“To my knowledge, there is not and never has been a complete set of written rules for the DPC, nor for The International itself.”

Bester added that unless Valve adopts clearer guidelines, which he and other figures in esport have offered to help do, he doesn’t see this being the last time that a seemingly straightforward issue like sanctioning a player for toxic behaviour blows up into something larger.


    LOL, if Kuku doesn't have Chinese blood in him somewhere I'll eat my hat. Why the hell would he be racist to Chinese? Because he's an ignorant toss-wad.

    I mean, he was talking about the next Major, the QingChong major. It's pretty low tier racism, especially coming from an asian dude. Not to excuse it by any means, but the entire situation has been utterly mishandled by Valve, from start to finish

      No he wasn't. The place is called Chongqing, not the other way.

        Just to clarify further, Kuku issued an apology on Weibo, claiming that there was a player in the match named Ching Chong who had just killed him and he was just saying the guy's name. However, Steam logs name changes and the person with that name had only changed his name to Ching Chong after the match had finished. When Kuku was asked to explain this, he deleted the Weibo post. Team manager Paulo Sy later confessed that he'd been complicit in trying to cover it up:

        I’m sure a lot of you are looking for an explanation on why did Kuku try to lie his way out of the incident. It was me. I was the one who posted the screenshot post. I was the one who told the LGD manager that Kuku only said the racism word because there was someone using the name without Kuku’s knowledge. I was the one who lied. After seeing some posts on Kuku’s weibo, that someone was named (*hing *hong) on his game and tried defending Kuku, I checked the match ID. I did saw on the screenshot that someone was indeed using the name not knowing that it was only changed hours before and had a different name during the game. I saw that opportunity to cover up what Kuku did. As a manager, I always saw my job as someone who should make everything easier for the team. Instead, I made it worst

        This is what people are more pissed off about, the fact they both tried to lie about it and cover it up, and that's what Valve was pissed about too when they said "coupled with the attempted cover up by the team". None of this is accidentally referring to the Chongqing Major.

    Not trying to his that what about-ism, but there are plenty of chinese pros being racist on stream and Valve doesn't do shit. Just seems like their usual china deep throating at play.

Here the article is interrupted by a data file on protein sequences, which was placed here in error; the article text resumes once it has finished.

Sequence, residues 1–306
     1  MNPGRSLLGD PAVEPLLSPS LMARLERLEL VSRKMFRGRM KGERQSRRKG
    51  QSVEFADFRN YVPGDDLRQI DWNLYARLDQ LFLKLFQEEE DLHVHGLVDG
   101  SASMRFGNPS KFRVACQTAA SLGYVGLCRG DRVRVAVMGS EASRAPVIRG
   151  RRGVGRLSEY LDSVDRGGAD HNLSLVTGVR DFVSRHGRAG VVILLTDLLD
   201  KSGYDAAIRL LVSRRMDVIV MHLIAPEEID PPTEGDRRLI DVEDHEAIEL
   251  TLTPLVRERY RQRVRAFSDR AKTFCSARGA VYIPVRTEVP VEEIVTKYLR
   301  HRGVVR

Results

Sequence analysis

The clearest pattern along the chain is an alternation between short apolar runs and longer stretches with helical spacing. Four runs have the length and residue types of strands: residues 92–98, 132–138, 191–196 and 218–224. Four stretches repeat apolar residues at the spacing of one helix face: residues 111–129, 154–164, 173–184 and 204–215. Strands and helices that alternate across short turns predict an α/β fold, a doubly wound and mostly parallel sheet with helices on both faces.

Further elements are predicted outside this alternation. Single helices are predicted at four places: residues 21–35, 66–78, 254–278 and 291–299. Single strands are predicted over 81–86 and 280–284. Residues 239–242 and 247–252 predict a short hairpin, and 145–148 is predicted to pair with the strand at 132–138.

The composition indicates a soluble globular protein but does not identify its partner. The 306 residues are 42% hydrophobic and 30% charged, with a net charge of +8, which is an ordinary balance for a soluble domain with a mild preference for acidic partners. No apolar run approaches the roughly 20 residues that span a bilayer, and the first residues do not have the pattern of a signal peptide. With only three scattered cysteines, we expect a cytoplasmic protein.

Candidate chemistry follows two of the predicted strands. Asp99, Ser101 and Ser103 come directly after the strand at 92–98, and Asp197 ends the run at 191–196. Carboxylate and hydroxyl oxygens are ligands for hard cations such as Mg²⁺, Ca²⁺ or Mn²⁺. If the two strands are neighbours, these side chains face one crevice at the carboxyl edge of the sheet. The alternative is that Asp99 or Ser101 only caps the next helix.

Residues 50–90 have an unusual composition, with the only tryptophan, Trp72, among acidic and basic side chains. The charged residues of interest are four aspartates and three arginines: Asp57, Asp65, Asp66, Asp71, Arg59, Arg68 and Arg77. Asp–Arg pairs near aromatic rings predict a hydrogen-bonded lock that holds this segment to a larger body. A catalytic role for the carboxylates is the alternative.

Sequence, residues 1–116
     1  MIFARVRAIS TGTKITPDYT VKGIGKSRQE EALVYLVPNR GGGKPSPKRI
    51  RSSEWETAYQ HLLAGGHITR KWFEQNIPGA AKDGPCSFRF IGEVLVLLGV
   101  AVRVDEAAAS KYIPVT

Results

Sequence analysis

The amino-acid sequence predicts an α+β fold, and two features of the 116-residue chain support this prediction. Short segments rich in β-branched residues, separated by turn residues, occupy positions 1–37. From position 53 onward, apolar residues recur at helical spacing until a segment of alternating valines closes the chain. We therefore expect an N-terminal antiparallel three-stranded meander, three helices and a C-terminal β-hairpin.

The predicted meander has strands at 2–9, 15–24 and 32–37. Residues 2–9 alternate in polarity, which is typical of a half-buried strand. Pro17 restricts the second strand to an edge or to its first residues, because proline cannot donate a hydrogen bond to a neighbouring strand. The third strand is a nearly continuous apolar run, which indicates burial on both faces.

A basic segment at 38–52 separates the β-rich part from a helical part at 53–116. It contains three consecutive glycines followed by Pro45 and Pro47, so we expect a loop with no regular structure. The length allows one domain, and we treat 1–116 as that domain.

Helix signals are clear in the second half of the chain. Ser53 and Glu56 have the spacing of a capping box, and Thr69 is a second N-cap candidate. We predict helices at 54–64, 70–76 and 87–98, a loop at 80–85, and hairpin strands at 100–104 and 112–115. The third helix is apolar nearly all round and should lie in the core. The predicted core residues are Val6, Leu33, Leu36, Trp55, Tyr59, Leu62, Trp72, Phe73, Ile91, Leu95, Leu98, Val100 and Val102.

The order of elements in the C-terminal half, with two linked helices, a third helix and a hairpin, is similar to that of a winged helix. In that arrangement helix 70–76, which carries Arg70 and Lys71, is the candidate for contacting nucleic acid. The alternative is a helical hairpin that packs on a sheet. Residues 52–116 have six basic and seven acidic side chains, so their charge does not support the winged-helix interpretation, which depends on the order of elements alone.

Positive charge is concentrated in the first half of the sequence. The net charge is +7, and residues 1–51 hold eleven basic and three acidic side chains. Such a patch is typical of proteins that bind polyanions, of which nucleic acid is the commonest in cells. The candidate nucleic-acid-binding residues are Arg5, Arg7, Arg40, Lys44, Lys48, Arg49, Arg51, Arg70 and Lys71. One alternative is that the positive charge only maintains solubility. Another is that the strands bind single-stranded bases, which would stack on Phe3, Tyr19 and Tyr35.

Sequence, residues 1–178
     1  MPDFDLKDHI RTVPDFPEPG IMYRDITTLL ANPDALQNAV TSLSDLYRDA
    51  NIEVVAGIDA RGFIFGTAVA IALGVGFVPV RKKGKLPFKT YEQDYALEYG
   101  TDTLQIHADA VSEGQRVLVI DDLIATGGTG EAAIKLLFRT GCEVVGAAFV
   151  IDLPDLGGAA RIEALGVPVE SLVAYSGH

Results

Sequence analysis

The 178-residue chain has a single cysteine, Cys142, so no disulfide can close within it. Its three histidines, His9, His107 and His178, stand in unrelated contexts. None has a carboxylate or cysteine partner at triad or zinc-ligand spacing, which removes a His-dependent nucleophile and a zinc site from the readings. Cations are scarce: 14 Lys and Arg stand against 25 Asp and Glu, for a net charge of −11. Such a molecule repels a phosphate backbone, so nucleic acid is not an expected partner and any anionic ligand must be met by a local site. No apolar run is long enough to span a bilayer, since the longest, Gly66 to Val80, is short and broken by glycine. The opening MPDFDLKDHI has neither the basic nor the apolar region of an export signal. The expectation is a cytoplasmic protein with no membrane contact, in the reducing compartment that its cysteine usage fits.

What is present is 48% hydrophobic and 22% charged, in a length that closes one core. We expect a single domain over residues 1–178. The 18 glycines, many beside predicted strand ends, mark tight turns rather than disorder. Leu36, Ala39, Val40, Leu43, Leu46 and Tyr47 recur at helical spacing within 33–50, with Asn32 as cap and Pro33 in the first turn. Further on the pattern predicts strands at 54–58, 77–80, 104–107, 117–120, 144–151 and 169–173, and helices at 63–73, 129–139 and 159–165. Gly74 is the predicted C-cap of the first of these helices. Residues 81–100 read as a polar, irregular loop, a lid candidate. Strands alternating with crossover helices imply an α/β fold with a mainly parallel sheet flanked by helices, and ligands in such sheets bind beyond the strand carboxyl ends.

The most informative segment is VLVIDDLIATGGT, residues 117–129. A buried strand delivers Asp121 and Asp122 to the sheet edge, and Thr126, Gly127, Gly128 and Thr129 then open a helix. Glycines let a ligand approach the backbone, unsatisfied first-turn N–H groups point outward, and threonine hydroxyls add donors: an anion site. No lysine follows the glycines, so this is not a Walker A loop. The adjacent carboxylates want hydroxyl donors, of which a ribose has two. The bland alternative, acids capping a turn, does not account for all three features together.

I came here to say this. I've seen 50x more racist Chinese pros than I have of anywhere else. Very hypocritical of Valve.

      Mainland Chinese people are the most racist, xenophobic and hypocritcal group of people on the planet. 94% one ethnicity: check. Hyper nationalistic culture whipped up by government and local celebrities: check. Government running ethnic re-education cleansing camps: check.

      Oh but we are offended by "Ching Chong" by the way. Said in a pub game.

      Meanwhile in my AUS Dota ranked games I'm regularly called a white dog and told I'm a bogan and that they're "buying up my country".

    Just another case of Valve bowing to Chinese pressure.

    This article fails to mention the disgusting conduct of Chinese fans - review bombing Dota 2 on Steam is the only thing mentioned. They were also attacking Kuku and threatening his family(has a wife and 2 yr old) on twitter, attacking wykrym on weibo(prominent reddit community member) and all the while the prominent Chinese community members were whipping them all into a frenzy and they all attached #RESPECT to their names in pro matches. Hypocrites.

    They were calling wykrym a white pig and other racial slurs.

    It has also come to light recently that a prominent Chinese pro. One of the longest standing in the scene, RotK; was racist towards Fillipino people in a weibo post in 2016. Calling them "monkeys".

    China is the most xenophobic and hypocritical nation on earth. This whole drama has just brought that to light even more.

    Last edited 06/12/18 10:49 am

      Valve's policy seems to be hands off unless it might impact their bottom line. Nothing to do with morals sadly.

        They claimed they had accepted TNCs punishment for Kuku in their first blog post.

        Then directly contradicted themselves in the second blog post and banned him themselves.

        Bowing to Chinese pressure.

    i'm regularly exposed to the retarded idea that only white people have power and you must have power to be racist, sucks to be this guy but at least the list of people who can be racist has expanded beyond only white people.